Liberty from All Masters: The New American Autocracy vs. the Will of the People Review

Does a book need a preface and an introduction? Should a book have a title that makes it seem like the author couldn’t choose what to call a book, so they just didn’t decide? I don’t know the answer to those questions, but the book Liberty from All Masters: The New American Autocracy vs. the Will of the People by Barry C. Lynn, has both a preface and an introduction and, yeah, has that title. I had seen the author and his previous works referenced in some other books I read in the recent past, so when I saw he had a new book coming on a topic I was interested in, monopolies, I wanted to check the book out. I came away quite disappointed with what I read, though I only made it through the first chapter because the book was so dishonest that I couldn’t in good conscious keep reading it. That is saying something because it has been years since I didn’t make it through a book, even if I found it wanting.

Propaganda would seem like a good way to describe what I found in the book. Take this paragraph for example:

As president, Bill Clinton even took actions to concentrate power within the corporation, such as promoting changes in tax policy that led corporations to shift executive compensation from salary to stock, thereby aligning the interests of executives with the investor rather than the customer , employee, and community.24

I was familiar enough with what that was referring to know that wasn’t an accurate description. The author should have been aware of that as well, considering what is included in the footnote for that:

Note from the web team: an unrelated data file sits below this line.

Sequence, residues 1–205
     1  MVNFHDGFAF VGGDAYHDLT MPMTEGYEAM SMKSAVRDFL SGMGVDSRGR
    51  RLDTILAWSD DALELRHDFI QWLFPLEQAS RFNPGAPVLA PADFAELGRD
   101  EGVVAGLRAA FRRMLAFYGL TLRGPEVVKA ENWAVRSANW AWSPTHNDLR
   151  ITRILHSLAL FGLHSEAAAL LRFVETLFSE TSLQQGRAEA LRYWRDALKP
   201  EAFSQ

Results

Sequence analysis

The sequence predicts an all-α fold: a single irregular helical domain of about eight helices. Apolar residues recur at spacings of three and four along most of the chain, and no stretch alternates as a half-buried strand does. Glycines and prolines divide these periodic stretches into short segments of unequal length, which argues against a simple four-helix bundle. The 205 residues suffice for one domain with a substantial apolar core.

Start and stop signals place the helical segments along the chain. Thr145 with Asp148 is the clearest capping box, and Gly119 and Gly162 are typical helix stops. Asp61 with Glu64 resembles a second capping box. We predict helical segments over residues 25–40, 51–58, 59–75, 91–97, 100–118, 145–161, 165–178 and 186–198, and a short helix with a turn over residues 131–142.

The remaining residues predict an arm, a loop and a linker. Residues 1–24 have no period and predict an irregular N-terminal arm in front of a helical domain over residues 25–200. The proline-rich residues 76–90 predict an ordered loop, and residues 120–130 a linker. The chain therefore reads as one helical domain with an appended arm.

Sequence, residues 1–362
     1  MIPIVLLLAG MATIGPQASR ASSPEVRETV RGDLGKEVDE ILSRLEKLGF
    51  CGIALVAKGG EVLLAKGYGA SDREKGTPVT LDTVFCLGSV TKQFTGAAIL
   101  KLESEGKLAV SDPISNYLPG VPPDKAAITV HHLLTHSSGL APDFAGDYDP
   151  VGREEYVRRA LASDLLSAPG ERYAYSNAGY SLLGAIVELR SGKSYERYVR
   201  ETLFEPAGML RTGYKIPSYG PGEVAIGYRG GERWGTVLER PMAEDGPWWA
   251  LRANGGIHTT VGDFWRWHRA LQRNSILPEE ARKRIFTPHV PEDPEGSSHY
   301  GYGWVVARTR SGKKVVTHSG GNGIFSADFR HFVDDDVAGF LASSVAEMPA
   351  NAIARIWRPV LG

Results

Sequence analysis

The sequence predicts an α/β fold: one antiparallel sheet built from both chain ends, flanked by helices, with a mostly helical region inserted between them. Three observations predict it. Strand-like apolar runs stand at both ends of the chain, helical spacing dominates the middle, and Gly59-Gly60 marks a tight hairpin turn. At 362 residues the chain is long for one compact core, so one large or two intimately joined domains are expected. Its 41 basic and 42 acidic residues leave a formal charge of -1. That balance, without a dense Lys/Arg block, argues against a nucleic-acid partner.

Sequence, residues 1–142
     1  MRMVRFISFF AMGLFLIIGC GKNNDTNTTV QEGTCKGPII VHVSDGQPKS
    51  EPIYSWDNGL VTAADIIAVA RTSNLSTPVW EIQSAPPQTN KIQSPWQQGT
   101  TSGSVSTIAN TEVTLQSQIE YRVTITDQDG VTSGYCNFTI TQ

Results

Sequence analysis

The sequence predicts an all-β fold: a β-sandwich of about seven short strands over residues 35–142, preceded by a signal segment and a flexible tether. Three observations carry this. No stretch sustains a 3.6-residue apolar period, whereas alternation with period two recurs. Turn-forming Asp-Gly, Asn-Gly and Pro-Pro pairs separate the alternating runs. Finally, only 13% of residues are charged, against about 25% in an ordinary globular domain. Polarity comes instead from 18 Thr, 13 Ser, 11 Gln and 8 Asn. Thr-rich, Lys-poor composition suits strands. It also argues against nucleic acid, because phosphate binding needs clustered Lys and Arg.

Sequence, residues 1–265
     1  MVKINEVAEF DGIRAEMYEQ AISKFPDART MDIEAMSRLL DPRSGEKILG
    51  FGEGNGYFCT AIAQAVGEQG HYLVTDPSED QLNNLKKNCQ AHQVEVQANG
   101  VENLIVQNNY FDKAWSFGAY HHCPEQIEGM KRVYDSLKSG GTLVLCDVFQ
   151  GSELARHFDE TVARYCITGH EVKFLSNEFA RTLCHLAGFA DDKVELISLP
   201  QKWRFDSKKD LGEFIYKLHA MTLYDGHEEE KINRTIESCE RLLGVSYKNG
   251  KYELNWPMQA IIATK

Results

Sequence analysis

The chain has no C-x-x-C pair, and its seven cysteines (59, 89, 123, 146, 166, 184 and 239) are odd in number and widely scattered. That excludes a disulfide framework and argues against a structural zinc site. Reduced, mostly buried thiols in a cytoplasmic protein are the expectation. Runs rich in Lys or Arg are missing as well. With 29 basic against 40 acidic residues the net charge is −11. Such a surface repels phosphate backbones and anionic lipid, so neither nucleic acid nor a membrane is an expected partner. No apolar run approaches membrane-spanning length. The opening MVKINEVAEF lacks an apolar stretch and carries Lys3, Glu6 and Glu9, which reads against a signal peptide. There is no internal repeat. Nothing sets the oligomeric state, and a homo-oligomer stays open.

Brian Cheffin, The Public Company Transformed (Oxford: Oxford University Press, 2018); Sarah Anderson, “The Failure of Bill Clinton’s CEO Pay Reform,” Politico, August 31, 2016; Jena McGregor, “This Tax Loophole Led to Massive CEO Pay Packages,” Washington Post, November 22, 2017. See also Lemann, Transaction Man: The Rise of the Deal and the Decline of the American Dream.

A portion near the beginning of the Politico article cited spells this out:

When Bill Clinton entered office a year later, he vowed to do something about skyrocketing CEO pay, through a proposed cap on the tax deductibility of executive compensation. But the reform that ultimately passed Congress was watered down, creating an epic loophole that pushed CEO pay even further into the stratosphere.

So Bill Clinton did take an action as Mr. Lynn states, but it wasn’t intended to do what it ended up doing, something it seems he should have known and it seems he wrote that in the way he did to intentionally to get around that.

Other things don’t seem to make sense, like this (emphasis in original):

Why is your rent so high? And why will your mortgage never go away? It’s because monopolist use their massive piles of cash to drive up the price of the land right under your home, so they can charge you more to sleep.

If you are paying down the principle on your mortgage, it will eventually go away. If you own the land under your home, which it seems like is true for most single-family homes, then raising its price would increase the value of something you own, not increase your mortgage. What “land right under your home” might refer to are manufactured homes (mobile homes), but that isn’t mentioned there.

There are unsourced claims that don’t seem accurate, like this:

But what of the monopoly utility corporations that block us from installing solar panels on our roofs or recharging stations on our streets?

Some utilities have done things to raise the cost for those with solar panels, but I couldn’t find anything about them blocking their installation.

Based on all that, you might think that the book was self-published, but it was published by one of the biggest publishers, St. Martin’s Press.

With the book being this bad, I feel like it is worth noting the people that blurbed the book:

  • Francis Fukuyama, author Identity: The Demand for Dignity and the Politics of Resentment
  • K. Sabeel Rahman, president of Demos
  • Paul Rome, Nobel Prize-winning economist
  • Rana Foroohar, authors of Makers and Takers

I am regularly running across books that have blurbs from Francis Fukuyama. Is that luck of the draw due to the types of books I am reading, or does he just blurb tons of books?


I would strongly recommend avoiding this book. If you are looking for a recent book on monopolies, David Dayen’s Monopolized: Life in the Age of Corporate Power, which came out in July, is one I found very good.

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